Electric Fuel Pump Installation
Since I'm running a 1975 fuel injected (FI) Beetle case with no provisions for a mechanical fuel pump, I needed to convert to an electric pump.
My first instinct was to get your standard Faucet solid-state type pump. But when you run one of these, you should always run a pressure regulator too. That can get rather expensive @ around $55 for the pair plus you have to live with that annoying "tick, tick, tick. . ." of the pump all the time. After some thought and debate, I opted for one of the rotary fuel pumps that C.B. Performance sells. It's made in the U.S.A. by Carter (P/N - 0G28B 504) and comes with a replaceable fuel filter already attached and ready to go. This unit has an INTERNAL pressure and is available in 3.5 & 5.5 psi models and retails for just under $45. Not a bad price for a quiet 12V pump w/ a regulator and filter!! For my Weber ICTs carbs, the one I needed was the 3.5 psi version.
Electric fuel pumps typically are "push" pumps meaning they are capable of pushing fuel at their rated pressure. However, they are NOT capable of sucking fuel from a gas tank, so they MUST be mounted directly under the tank, or at least really darn close so that fuel can freely flow to it. This pump is just such a pump. I decided to mount mine against the sloping wall just forward and under the fuel tank. I just used an existing seatbelt mount bolt on which to mount the supplied rubber coated mounting clamp.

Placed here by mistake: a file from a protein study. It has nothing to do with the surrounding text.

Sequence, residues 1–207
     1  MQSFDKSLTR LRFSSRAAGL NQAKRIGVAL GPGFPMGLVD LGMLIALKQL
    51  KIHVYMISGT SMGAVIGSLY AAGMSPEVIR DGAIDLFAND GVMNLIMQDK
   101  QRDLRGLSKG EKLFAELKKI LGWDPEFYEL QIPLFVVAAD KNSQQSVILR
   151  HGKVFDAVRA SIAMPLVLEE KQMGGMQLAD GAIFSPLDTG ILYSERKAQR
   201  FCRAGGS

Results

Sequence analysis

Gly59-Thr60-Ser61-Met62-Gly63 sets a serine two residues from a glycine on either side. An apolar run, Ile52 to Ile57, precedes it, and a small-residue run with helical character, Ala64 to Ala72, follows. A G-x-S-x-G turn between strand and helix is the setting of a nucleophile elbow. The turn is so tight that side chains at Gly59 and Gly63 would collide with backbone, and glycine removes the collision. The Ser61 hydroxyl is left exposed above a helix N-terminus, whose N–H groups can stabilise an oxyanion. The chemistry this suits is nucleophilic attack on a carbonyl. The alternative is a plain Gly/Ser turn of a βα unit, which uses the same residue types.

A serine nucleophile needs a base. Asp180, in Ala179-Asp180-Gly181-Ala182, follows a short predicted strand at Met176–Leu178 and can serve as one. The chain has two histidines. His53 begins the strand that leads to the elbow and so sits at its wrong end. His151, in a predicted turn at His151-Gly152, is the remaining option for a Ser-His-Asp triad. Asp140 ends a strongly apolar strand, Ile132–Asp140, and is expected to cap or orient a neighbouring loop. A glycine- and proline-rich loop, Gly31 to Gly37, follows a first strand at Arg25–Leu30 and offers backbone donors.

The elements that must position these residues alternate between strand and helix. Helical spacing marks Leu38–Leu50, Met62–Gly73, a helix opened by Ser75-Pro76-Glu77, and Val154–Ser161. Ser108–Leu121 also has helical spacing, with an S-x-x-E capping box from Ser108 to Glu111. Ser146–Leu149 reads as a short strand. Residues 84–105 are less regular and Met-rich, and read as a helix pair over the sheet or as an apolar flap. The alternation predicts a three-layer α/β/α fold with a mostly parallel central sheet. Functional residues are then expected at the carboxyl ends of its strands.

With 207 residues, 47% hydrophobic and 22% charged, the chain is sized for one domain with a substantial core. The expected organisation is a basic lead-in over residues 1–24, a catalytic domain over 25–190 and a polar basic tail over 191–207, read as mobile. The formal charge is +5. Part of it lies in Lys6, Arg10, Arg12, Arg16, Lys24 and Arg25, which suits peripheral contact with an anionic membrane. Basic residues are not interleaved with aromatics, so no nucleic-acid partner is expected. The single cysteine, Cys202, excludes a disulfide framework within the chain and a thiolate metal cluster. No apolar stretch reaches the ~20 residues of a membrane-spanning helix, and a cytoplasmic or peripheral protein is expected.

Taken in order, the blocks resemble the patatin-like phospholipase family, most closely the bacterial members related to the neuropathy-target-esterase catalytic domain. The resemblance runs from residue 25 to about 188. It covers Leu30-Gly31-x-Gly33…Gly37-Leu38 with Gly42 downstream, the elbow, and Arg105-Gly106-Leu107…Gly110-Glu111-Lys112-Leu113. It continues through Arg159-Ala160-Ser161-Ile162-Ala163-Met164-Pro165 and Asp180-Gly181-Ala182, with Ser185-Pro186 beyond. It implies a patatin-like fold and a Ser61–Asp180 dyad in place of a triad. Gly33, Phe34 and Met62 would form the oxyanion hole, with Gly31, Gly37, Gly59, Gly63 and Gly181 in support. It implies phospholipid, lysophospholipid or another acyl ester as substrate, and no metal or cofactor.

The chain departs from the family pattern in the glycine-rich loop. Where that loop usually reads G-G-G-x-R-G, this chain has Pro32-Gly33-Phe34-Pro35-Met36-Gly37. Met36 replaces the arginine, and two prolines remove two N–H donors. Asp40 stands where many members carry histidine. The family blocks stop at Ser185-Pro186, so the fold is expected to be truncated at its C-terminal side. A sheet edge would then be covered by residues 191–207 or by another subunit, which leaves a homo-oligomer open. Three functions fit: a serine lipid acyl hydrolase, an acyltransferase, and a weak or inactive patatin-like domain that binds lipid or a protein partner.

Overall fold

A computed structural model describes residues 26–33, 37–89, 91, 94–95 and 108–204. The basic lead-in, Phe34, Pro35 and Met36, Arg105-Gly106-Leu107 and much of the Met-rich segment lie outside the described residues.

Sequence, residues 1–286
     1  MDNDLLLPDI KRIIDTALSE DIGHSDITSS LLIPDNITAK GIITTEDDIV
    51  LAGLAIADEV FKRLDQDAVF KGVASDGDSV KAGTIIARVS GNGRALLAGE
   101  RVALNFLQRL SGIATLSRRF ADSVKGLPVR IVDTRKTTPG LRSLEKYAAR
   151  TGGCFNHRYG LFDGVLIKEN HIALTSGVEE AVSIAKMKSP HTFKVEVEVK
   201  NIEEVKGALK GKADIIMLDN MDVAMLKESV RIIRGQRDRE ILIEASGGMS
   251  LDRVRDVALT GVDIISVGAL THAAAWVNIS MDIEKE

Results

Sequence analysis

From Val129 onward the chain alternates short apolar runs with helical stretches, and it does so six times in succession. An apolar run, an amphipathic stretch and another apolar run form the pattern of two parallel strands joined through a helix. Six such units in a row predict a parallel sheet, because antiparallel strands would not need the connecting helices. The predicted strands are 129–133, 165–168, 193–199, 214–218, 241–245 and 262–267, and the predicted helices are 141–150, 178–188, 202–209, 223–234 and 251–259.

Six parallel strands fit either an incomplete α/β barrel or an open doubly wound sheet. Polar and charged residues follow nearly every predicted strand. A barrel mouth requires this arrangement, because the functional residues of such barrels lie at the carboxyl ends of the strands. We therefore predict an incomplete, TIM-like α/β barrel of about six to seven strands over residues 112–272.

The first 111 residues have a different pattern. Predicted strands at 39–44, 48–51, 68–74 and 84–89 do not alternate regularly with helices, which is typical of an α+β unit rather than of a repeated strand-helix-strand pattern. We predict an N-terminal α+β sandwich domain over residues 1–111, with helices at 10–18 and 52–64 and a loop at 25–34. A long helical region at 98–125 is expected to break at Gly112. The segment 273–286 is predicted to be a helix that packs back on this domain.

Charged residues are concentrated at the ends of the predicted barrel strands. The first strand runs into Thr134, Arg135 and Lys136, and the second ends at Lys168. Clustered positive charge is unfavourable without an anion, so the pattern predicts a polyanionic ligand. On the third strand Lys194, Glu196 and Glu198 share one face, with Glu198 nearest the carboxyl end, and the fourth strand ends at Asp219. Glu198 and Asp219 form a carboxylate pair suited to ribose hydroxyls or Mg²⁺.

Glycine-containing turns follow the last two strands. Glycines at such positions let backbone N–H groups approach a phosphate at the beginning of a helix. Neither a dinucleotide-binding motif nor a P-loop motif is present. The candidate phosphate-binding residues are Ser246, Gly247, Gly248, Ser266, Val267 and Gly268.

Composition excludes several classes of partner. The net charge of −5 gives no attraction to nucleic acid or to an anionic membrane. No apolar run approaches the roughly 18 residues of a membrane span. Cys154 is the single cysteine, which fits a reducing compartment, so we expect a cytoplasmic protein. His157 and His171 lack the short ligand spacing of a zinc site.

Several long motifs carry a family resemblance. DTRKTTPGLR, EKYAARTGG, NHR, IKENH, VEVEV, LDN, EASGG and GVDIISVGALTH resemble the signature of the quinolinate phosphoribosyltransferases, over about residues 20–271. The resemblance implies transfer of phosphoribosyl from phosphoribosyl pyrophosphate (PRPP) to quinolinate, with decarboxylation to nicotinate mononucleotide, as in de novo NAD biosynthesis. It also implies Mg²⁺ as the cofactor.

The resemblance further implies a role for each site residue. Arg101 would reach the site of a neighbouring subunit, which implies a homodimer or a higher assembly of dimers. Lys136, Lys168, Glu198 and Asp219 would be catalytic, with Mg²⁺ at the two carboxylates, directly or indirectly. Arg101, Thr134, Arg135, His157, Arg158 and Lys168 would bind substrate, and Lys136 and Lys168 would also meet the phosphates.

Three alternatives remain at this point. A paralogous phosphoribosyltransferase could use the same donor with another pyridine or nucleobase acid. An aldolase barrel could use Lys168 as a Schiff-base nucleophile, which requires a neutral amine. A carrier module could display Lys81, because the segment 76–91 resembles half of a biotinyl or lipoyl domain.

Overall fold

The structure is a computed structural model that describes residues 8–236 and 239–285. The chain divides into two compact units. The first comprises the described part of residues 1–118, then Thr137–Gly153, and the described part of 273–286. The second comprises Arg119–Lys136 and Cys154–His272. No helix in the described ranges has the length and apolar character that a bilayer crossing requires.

All that is needed now is to run the wiring to the supplied crimp connectors. The power needs to come from a "switched hot" meaning that it's energized whenever the ignition switch is in the "ON" position. The ground wire should ground to the body of the car. Since I don't want to disturb the un-cut sheet metal of my bus, I ran the ground to one of the nosecone nuts on the transmission.
Now I have whisper quiet and smooth fuel delivery at a constant 3.5 psi.
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